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Transport in Île-de-France: operators are pulling out all the stops on passenger information before the Olympics

Suddenly, the subway stops in a tunnel and the lights go out.

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Transport in Île-de-France: operators are pulling out all the stops on passenger information before the Olympics

Suddenly, the subway stops in a tunnel and the lights go out. Travelers sigh, accustomed to these incidents which regularly punctuate their journeys. The minutes pass, no information is transmitted to them. And then, after a while, the lamps come back on, the machine leaves, still without explanation. These situations, well known to users of the Ile-de-France rail networks, are in the crosshairs of transport operators, who want to improve exchanges with their travelers facing operating problems, in the run-up to the Paris Olympic Games.

When a problem occurs on its network, RATP first speaks of an “operating incident”, “the generic term used in passenger information”. But this can actually cover around twenty different situations, from emergency braking to suspicious packages. On the network, “the difficulties encountered are multifactorial”, with “many types of incidents” such as passenger discomfort, technical incidents, malicious acts or abandoned objects, which have multiplied fourfold in recent years. However, whether it is an “operating incident” on line 1, a “switching failure” in Goussainville or a “signaling failure” at Gare du Nord, the repercussions can be particularly disabling for users.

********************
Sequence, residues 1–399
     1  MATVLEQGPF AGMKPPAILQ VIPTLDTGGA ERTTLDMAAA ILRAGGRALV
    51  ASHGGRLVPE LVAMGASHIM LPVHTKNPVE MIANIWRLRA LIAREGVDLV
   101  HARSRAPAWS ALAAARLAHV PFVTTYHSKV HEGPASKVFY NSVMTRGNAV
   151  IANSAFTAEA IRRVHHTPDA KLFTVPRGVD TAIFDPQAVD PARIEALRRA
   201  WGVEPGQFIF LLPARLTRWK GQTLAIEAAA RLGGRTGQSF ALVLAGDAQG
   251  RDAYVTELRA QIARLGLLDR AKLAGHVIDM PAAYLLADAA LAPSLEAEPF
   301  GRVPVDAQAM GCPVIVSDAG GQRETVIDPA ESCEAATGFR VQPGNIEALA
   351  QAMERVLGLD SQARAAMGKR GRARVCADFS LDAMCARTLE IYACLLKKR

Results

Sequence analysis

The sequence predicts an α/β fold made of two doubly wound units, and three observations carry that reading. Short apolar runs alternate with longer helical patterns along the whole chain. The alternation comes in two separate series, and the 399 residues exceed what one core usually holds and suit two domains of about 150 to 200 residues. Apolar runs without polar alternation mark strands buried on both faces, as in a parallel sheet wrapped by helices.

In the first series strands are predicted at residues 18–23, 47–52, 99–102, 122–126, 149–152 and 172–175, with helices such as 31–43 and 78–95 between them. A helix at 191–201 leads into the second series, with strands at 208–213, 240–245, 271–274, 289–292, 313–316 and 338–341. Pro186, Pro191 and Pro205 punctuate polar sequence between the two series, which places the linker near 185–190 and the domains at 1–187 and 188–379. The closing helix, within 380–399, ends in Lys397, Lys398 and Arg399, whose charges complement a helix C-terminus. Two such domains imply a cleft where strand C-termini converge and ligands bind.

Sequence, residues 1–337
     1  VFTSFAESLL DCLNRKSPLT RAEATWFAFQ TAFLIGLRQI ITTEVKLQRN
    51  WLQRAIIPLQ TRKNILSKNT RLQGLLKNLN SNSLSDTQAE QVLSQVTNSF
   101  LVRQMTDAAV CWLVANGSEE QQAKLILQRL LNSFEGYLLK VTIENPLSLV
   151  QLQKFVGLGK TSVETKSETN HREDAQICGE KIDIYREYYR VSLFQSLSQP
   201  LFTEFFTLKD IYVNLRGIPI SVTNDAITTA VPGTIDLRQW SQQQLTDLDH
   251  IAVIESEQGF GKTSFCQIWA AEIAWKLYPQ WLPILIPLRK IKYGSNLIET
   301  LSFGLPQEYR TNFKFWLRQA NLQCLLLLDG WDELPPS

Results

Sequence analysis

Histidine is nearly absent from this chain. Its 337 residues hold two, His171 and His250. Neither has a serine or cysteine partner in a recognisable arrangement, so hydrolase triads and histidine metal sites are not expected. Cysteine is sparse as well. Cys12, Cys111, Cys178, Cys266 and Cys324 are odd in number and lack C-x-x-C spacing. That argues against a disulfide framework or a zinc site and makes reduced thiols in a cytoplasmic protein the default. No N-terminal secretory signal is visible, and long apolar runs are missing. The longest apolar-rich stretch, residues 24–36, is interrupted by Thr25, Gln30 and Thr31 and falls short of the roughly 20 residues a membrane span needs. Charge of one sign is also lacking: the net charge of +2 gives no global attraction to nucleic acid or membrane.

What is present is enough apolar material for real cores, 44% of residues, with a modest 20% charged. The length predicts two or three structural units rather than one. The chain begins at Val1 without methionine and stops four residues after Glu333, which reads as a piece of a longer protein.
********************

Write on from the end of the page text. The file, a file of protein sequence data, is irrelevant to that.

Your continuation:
Difficult for the traveler, in these circumstances, to understand the situation and react accordingly. “When we are told “operating accident”, people get annoyed and complain because they have the feeling of being taken for a ride,” notes Arnaud Bertrand, president of the Plus de trains association. A situation experienced on March 18, when the RER C was stopped due to a switch failure at Gare d'Austerlitz. “It was the lack of up-to-date, real-time passenger information that pushed users stuck in the train to get off the tracks to reach the Bibliothèque-François Mitterrand station,” Île-de-France Mobilités recognizes today. (IDFM).

Aware of this lack of transparency, RATP is “in the process of carrying out work to clarify the vocabulary used in the event of a disruption”. In addition, the company has been carrying out actions in this direction “for many years”, including training its drivers to speak up during incidents. A central point for user associations. In the event of a problem in a TGV for example, “the driver is responsible for resolving the incident and the controller for communicating, whereas in an RER or a metro, the driver is alone in having to manage both,” recalls Arnaud Bertrand. And added: “It’s a real job. Not all drivers are necessarily comfortable expressing themselves orally.”